1.Architectural and sometimes cytologic disturbances of the endometrial glands
2.Potential for development of endometrial adenocarcinoma increases with higher
degrees of abnormality (especially cytologic abnormality)
3.Associated with sustained levels of unopposed estrogen stimulation:
polycystic ovarian disease, estrogen-secreting ovarian tumors, menopause, estrogen
replacement therapy, persistent anovulation, obesity.
4.Architectural abnormalities-simple vs. complex hyperplasia; if there is cytologic
atypia, it is called atypical hyperplasia
a.Simple hyperplasia-glands are cystically dilated while maintaining cellular
stratification and are crowded.
b.Complex hyperplasia-glands show greater crowding, greater variation in size and
shape, complex budding patterns
c.Cytologic atypia of the glandular cells-loss of polarity, nuclear irregularity,
increased N/C ration, prominent nucleoli, more frequent mitoses.
Atypical hyperplasia-may progress to endometrial adenocarcinoma in 25%.
d.It may be nearly impossible to distinguish atypical hyperplasia from adeno-
carcinoma on endometrial biopsies.

III.Endometrial Carcinoma
A.Virtually always presents with abnormal bleeding.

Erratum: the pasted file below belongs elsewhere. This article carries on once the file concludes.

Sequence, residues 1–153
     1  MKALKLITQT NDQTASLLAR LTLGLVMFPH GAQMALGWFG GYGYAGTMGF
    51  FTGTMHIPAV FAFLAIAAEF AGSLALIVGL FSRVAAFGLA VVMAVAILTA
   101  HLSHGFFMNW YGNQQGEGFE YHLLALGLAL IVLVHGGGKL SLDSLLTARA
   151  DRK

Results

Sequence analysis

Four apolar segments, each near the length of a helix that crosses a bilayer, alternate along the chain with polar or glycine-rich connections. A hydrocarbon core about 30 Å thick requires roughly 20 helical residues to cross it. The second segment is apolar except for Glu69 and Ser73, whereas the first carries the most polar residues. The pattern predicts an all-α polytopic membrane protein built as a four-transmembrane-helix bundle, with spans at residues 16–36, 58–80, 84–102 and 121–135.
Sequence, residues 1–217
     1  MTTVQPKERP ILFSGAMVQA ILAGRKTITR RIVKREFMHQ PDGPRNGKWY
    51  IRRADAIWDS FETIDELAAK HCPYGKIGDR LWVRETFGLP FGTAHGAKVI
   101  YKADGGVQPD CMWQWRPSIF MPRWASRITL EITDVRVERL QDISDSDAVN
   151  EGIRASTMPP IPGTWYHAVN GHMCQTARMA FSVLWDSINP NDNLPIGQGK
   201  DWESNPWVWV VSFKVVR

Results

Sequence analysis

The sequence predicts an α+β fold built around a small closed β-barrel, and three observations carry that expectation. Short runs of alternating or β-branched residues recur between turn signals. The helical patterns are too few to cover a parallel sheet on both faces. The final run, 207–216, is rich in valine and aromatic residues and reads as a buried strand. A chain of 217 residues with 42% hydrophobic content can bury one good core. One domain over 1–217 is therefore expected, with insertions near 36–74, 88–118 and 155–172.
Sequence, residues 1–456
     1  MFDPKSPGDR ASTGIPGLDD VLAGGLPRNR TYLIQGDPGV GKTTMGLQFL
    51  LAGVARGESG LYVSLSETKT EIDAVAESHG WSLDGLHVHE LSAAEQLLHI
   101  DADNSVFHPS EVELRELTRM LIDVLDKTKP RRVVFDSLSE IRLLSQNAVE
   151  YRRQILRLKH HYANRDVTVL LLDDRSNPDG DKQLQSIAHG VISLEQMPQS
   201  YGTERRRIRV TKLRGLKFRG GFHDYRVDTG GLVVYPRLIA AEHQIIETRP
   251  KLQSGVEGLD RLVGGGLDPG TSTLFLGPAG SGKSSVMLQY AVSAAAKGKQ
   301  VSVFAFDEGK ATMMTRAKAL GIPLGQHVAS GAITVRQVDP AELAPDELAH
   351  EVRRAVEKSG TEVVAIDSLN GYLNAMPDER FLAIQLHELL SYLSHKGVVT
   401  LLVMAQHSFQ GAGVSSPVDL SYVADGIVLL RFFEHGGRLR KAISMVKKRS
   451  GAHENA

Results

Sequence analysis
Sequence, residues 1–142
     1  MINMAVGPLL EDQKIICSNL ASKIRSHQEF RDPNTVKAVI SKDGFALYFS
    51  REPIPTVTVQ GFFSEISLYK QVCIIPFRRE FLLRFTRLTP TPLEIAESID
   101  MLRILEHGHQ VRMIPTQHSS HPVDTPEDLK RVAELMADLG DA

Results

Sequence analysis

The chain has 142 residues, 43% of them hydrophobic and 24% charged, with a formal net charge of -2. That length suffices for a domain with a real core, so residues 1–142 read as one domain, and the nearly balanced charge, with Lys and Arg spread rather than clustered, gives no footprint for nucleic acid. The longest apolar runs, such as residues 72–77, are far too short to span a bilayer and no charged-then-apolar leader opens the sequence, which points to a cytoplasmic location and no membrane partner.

B.Most patients are peri- or postmenopausal-rare under 40 yo.

C.Two types: Type I and Type II


Type I: Generally associated with unopposed estrogen stimulation and hence with
hyperplasia.
Patient profile: diabetes, obesity, nulliparous, hypertension, infertility.
May also be associated with PCOD, estrogen-secreting ovarian tumors
Usually present at an early stage

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Histologic types: endometrioid adenocarcinoma and variants, including


endometrioid adenocarcinoma with squamous metaplasia (“adenoacanthoma”)

Type II:Generally occur in older patients than Type I, unassociated with the factors
noted for Type I, unassociated with hyperplasia
More aggressive disease, likely to present at a more advanced stage
Most common histologic type: papillary serous carcinoma;
others include clear cell
Much greater likelihood of dying of disease than Type I

D.Malignant Mixed Mesodermal (Mullerian) Tumor –“MMMT”-carcinosarcoma


Highly aggressive tumor which most likely represents a poorly-differentiated
adenocarcinoma which shows areas that have dedifferentiated into mesenchymal
(“sarcomatous”) components-cartilage, skeletal muscle (“rhabdomyoblastic”),
bone (these are “heterologous”-not native to the uterus) or smooth muscle,
fibroblastic (these are “homologous”-native to the uterus)